come and identifying at-risk students using appropriate
predictive models. We used regression models, as they
are among the most common predictive models used in
education research at large (Peng et al. 2002), and in
analytics research (Ramos & Yudko 2008; Macfadyen &
Dawson 2010;Ga
sevi
c et al. 2016; Howard et al. 2016),
available in most statistical packages, and can be eval-
uated in several ways (Peng et al. 2002; Bewick et al.
2005). Two types of regression models according to the
type of outcome to be predicted:
Automatic linear modeling (ALM) for grade prediction,
ALM uses a group of predicting factors to predict a
single scaled outcome. It offers improvements over
traditional methods in two main areas. First, auto-
matic variable selection, which is useful when the
number of variables is high (Filippou et al. 2015). The
second is automatic data preparation, data prepar-
ation is a popular concept in data science that
includes re-classifying continuous variables with less
than 5 unique values as ordinal and re-classifying
ordinal values with more than 10 unique values as
continuous variables. It normalizes outliers or extreme
values (predictors that lie beyond 3 SDs), so that they
do not to exert an exaggerated influence on the
model. And finally, it does a supervised merge of
similar predictors (Yang 2013).
Binary logistic regression (BLR) for prediction of at-risk
students: BLR is a powerful model for the prediction
of dichotomous outcomes like pass/fail or at-risk/safe.
It overcomes some of the restrictive assumptions of
linear regressions like linearity, normality and equal
variances. The test has a large array of tests to evalu-
ate its performance (the 2 log likelihood, Cox &
Snell R
2
, the Omnibus Tests of Model Coefficients,
758 M. SAQR ET AL.
Hosmer and Lemeshow goodness of fit) (Peng et al.
2002; Bewick et al. 2005).
Evaluation of predictive accuracy: Receiver operating
characteristic (ROC) plots the sensitivity (true positive
rate) of each model versus 1-specificityor (false
positive rate). The area under the curve (AUC) is a
quantification of model accuracy, where 0.5 means a
worthless model and 1.0 represents a perfect model
(Bewick et al. 2005;G
onen 2006).
Data collection (acquisition and recording)
This study was preceded by a pilot study to determine
feasibility, and to identify engagement parameters and the
tracking variables (Alghasham et al. 2013). This study was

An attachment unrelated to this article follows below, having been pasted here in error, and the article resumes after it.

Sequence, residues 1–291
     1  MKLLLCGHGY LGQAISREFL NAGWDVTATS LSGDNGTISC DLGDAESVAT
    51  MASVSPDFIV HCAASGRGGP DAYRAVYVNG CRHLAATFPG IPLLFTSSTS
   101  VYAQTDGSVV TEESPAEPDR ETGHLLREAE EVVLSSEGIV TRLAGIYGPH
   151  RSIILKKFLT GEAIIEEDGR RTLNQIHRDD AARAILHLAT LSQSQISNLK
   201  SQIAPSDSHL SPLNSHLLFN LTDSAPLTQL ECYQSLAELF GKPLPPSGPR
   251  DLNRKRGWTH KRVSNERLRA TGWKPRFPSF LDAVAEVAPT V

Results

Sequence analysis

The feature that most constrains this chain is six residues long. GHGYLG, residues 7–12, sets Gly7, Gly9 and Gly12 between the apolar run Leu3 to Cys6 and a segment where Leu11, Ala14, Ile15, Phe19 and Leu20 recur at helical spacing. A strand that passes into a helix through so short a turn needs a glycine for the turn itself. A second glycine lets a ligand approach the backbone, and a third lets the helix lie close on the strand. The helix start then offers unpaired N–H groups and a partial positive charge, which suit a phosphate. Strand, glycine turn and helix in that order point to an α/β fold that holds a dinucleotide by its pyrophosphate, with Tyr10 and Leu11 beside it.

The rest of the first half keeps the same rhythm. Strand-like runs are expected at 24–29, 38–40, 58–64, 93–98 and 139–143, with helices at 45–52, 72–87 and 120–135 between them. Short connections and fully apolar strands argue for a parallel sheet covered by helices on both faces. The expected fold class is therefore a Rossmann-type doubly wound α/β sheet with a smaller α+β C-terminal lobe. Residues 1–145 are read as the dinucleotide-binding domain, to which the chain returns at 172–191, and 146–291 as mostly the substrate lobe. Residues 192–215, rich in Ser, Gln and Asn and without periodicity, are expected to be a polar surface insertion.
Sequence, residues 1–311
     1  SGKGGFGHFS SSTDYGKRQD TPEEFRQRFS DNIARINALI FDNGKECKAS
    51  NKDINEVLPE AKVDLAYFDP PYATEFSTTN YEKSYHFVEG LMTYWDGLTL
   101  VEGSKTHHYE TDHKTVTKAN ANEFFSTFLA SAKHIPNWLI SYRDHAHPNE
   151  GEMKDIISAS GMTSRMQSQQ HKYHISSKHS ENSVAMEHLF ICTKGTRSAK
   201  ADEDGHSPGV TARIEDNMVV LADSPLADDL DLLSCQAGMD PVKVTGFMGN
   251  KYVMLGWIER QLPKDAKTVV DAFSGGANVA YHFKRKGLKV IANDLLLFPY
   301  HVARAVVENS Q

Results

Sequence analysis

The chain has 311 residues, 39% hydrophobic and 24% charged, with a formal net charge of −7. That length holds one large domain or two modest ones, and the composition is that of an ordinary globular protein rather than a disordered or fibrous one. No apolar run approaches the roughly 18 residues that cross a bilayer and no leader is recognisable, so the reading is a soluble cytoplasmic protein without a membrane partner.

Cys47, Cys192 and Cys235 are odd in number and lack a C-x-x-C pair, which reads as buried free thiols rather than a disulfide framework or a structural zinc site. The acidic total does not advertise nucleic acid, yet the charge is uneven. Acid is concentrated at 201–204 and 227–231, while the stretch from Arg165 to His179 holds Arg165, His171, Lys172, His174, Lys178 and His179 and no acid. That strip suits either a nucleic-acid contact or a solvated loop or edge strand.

performed on the students of the course Man and envi-
ronmentduring 20132014 at Qassim University, Kingdom
of Saudi Arabia. This is the second course in the medical
program, and the first to teach the medical subject after
an introductory course. The intention of studying students
in the first year was to be able to capture the full spec-
trum of freshly admitted students before some underach-
ievers may drop out. The study included 133 students
enrolled in a blended course where they were free to use
the LMS at their will. There was no incentive or punish-
ment of using the LMS apart from studentsself-perceived
benefit.
At Qassim College of Medicine, the Moodle LMS is used
as the main platform for learning management, Moodle
produces robust logs of studentsactivities; however, the
available reporting tools are deficient, and Moodle does
not have built-in analytic tools (Falakmasir & Habibi 2010).
Therefore, we used MySQL database queries (SQL) and five
add-on tools.
First, Attendance Register module was used to report
total time spent by a student in a course (Moodle plugins
directory: Attendance Register). Second, Configurable
Reports was used to run SQL queries to generate custom
reports about studentsactivities like number of course
views, forum posts or reads, and course edits (Moodle plu-
gins directory: Configurable Reports). Third, Analytics
Graphs was used to calculate total unique days of course
access, total number of course views, and total number of
course views) (Moodle plugins directory: Analytics Graphs).
Fourth, Mailchimp e-mail tracking was used to track
studentsresponse to e-mails, and the frequency of open-
ing course related e-mails (About Open Tracking
jMailChimp.com: KB Article). Finally, NodeXL, was used to
calculate betweenness centrality (Smith et al. 2009).
Collected data
Collected data were divided into six categories and detailed
in Table 1.
Engagement sub-scores
Based on the findings of the pilot study (Alghasham et al.
2013), five engagement indicators were identified. They
reflect regularity of using the LMS and balance for the fact
that some students would be highly active over a short
time and then go into periods of inactivity (Richards 2011;
Shea et al. 2013; Cruz-Benito et al. 2015; Panzarasa et al.
2016). The indicators were calculated as follows:
By login: a student was considered engaged in a certain
week when he/she logs in 3 days or more in that week,
that student is then given a score of one. The login
engagement sub-indicator is the sum of scores of the 6
weeks. By course views: a score of one is given to the stu-
dent when he/she views the course materials more than a
1Z-score of mean course views. The views engagement
sub-indicator is the sum of scores of the 6 weeks. By forum
posts: a student is given the score of 1 when he/she posts
two or more posts in a certain week. The posting engage-
ment sub-indicator is the sum of the 6 weeks.
By time: a student is given the score of 1 when he
spends more than a 1Z-score of course average time of
all students. The time engagement sub-indicator is the sum
of the 6 weeks. By formative assessment: a score of 1 is
given to a student if he/she tried an assessment regardless
of the score. The formative engagement sub-indicator is
the sum of the 6 weeks.
At-risk students
There are several standard setting methods that might be
used to set the criteria for not passing a course or being a